History of French Cuisine during Middle Ages
The medieval French cuisine witnessed banquets among the aristocratic people. Multiple courses were prepared and served in a unique style, termed as service en confusion, meaning all at once. Eating of food was normally with hands only. Thick and highly seasoned sauces were prepared with mustards of heavy flavor. Pies were among the major banquet items. The shortcrust pie emerged only towards the end of the Middle Ages. The banquets were concluded with issue de table that became the dessert in later centuries. The medieval desserts primarily consisted of spiced lumps made of hardened honey or sugar that were called dragees, spiced wine and aged cheese.
In the beginning of winter, the slaughtering of livestock took place, with beef kept as salted and pork kept as salted and smoked. Sausages and beacon were smoked in the chimney. The hams and tongue were salted and dried. Fruits, root vegetables, and nuts were boiled in honey for preservation. Whales, porpoise, and dolphins were classified as fish and meats of such sea animals were also part of medieval food.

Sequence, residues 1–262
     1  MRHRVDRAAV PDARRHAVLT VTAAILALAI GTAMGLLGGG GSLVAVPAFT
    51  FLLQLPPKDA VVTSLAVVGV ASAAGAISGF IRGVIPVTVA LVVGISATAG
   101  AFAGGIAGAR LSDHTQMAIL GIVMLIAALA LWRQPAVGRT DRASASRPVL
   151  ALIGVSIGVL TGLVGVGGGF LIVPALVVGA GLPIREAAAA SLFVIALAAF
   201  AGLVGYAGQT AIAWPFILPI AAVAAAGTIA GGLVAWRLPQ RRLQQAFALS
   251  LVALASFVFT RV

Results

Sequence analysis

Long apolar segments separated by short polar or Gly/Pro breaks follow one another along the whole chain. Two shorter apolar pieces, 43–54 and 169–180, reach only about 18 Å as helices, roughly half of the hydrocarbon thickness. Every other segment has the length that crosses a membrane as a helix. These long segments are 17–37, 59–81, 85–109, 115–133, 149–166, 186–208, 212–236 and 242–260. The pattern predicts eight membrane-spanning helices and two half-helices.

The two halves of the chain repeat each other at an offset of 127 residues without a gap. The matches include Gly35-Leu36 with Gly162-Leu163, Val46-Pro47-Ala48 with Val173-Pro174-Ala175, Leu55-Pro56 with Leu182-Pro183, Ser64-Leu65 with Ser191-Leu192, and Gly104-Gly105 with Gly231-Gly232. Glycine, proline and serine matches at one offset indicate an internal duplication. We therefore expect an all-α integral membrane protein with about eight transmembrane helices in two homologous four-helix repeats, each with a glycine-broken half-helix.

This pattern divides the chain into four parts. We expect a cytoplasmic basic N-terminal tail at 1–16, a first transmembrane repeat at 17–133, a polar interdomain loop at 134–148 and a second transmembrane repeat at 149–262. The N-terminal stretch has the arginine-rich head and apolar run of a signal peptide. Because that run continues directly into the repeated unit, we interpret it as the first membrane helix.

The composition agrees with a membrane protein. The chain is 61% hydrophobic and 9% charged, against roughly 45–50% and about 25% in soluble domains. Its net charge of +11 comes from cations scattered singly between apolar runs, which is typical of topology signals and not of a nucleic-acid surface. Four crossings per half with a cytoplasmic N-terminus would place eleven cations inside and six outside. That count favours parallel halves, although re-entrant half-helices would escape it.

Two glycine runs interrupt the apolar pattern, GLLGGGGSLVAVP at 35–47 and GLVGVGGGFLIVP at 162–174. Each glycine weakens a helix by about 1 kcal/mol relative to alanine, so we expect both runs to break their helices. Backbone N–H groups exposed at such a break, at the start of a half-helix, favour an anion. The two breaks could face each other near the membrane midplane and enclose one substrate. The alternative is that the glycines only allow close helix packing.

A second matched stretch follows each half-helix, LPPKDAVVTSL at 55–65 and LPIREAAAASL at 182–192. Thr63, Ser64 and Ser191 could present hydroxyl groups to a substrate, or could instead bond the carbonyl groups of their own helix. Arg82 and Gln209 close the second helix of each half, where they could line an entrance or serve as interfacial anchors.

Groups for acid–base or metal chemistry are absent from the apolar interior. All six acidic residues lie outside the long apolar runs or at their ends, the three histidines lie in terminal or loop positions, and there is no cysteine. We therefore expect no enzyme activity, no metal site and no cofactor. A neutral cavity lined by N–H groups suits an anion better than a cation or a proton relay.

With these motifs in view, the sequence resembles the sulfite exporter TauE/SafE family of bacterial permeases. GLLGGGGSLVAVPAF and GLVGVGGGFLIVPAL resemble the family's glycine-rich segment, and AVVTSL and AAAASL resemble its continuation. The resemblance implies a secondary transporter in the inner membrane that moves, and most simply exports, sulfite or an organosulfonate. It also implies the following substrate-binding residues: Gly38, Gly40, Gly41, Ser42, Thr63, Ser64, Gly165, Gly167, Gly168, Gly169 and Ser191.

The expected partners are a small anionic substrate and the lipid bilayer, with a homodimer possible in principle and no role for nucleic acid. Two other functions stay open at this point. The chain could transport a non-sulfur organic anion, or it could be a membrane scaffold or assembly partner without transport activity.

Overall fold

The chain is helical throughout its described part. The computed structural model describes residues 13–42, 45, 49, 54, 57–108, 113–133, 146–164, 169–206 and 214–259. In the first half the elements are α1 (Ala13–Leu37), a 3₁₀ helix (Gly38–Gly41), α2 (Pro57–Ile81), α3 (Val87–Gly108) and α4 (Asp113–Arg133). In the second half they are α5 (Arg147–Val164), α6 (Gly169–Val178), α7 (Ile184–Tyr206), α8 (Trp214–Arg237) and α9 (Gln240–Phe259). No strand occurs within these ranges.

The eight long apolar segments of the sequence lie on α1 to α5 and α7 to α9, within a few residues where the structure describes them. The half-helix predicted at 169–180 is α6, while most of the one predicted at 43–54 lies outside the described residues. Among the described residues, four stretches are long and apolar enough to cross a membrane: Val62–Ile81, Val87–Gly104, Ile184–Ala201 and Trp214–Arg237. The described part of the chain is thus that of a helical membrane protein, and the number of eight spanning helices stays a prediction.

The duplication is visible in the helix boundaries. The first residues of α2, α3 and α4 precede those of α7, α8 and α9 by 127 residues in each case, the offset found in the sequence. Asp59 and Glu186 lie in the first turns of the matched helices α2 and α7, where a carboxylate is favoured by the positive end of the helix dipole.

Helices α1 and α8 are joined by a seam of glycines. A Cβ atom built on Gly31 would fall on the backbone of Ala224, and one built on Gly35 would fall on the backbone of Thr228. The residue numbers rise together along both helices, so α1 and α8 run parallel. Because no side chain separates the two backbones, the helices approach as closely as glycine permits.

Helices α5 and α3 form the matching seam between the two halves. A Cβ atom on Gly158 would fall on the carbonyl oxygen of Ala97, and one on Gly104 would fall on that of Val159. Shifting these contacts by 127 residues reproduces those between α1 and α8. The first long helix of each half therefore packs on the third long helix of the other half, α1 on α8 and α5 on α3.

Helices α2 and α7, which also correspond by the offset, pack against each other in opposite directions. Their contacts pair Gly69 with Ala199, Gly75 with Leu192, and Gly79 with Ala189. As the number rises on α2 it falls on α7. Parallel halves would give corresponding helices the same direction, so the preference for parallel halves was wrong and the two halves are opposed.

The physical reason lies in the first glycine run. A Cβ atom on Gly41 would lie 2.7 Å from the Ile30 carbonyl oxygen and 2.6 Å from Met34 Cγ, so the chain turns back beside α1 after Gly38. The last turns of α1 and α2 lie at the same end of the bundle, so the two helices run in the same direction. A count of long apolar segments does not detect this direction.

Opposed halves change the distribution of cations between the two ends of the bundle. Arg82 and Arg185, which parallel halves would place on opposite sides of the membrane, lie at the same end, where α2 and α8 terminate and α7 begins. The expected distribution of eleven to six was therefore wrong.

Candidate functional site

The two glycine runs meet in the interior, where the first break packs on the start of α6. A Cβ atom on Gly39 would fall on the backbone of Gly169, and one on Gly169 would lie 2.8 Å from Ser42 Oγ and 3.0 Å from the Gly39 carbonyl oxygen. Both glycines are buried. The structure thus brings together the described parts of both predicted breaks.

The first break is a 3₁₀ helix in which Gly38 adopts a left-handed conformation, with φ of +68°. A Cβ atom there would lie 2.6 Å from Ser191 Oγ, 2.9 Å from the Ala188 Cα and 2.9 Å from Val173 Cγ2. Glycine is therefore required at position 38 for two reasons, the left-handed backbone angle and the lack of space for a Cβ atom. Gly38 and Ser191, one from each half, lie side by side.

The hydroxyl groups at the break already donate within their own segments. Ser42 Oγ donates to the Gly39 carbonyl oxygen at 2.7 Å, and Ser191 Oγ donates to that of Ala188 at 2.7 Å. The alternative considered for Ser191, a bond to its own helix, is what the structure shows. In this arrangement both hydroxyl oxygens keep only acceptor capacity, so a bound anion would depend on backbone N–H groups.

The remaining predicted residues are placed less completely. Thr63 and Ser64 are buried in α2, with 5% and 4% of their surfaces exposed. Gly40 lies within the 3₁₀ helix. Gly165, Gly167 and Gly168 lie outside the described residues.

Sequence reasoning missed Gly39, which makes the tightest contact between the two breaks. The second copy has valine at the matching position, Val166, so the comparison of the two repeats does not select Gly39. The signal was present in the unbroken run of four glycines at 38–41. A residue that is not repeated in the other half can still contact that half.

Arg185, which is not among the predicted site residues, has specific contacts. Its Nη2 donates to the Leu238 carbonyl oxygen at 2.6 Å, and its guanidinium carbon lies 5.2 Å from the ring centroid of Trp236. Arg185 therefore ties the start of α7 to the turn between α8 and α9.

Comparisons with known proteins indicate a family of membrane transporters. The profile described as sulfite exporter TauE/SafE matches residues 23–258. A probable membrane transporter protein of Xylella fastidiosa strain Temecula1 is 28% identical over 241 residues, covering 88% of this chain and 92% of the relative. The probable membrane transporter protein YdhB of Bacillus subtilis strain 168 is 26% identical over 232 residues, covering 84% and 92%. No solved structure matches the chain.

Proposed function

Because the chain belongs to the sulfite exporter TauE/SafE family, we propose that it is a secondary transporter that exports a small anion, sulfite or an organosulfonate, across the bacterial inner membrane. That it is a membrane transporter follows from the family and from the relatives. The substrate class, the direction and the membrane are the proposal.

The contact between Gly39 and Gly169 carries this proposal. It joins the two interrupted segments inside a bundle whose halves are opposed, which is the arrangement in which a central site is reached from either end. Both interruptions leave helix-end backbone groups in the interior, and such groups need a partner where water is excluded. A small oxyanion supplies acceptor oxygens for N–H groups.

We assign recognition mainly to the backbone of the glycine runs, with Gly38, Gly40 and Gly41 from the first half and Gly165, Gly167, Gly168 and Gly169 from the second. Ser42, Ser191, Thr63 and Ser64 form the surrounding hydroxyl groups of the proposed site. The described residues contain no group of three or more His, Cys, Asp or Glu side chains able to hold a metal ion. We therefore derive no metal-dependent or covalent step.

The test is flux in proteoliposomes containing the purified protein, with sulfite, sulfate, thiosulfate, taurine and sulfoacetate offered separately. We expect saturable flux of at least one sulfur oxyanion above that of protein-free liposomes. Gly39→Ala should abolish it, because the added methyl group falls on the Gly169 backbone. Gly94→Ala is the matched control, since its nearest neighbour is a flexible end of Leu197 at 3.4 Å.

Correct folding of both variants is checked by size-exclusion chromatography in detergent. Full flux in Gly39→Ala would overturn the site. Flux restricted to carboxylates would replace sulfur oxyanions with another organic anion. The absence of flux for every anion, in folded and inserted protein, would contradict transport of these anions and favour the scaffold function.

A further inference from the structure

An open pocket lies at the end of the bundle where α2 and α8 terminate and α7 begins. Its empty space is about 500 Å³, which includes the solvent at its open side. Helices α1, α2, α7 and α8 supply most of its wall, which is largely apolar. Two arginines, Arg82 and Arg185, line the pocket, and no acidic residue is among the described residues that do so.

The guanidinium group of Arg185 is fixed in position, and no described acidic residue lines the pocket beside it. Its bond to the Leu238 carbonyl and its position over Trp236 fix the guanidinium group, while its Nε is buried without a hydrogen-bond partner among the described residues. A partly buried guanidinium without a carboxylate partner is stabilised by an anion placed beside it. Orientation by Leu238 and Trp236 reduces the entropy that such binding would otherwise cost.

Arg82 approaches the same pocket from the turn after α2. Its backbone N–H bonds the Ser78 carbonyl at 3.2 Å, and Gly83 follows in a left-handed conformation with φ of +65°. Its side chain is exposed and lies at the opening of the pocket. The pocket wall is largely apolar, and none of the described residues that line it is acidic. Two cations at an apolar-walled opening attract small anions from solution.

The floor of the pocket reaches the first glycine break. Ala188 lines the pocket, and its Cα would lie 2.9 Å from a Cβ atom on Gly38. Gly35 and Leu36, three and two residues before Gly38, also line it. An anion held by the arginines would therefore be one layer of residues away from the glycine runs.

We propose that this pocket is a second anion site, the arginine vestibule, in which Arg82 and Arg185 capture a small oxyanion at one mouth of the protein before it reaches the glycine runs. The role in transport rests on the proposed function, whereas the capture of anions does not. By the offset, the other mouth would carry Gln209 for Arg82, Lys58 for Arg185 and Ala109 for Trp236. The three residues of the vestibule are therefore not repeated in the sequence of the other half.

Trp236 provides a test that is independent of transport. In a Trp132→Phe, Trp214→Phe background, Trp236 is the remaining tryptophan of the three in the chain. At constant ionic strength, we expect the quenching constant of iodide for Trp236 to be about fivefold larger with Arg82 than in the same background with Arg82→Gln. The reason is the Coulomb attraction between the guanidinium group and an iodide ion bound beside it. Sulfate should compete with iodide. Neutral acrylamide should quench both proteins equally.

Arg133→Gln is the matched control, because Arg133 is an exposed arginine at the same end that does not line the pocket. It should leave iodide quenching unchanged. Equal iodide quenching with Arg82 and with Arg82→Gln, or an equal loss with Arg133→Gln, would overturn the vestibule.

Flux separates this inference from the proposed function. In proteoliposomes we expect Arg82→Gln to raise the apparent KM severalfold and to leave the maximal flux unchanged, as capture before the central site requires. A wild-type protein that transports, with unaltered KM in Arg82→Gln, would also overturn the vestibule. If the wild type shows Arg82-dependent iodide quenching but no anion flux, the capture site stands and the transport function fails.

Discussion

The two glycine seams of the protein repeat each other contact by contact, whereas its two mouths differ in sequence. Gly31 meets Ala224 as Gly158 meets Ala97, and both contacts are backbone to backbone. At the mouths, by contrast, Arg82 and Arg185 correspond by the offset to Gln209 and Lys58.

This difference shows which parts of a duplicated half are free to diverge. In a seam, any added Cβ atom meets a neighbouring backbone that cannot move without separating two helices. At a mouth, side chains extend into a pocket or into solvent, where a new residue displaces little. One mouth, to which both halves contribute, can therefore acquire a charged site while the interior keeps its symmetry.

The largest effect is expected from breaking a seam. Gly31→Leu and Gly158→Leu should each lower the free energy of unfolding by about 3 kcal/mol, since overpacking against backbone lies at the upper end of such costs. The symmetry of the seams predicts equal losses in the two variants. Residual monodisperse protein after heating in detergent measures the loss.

The most famous chef of the Middle Ages was Guillaume Tirel, with the pet name of Taillevent. In the fourteenth century, he was the chef to Philip VI and then chief cook for King Charles V. His cooking career was a long and reputed one, lasting 66 years. This period also witnessed two groups of guilds. The first guild represented suppliers of food raw materials like grain merchants, gardeners, butchers, and fishmongers. The second guild consisted of persons who supplied prepared food items, such as bakers, caterers, poulterers, pastry cooks, and sauce makers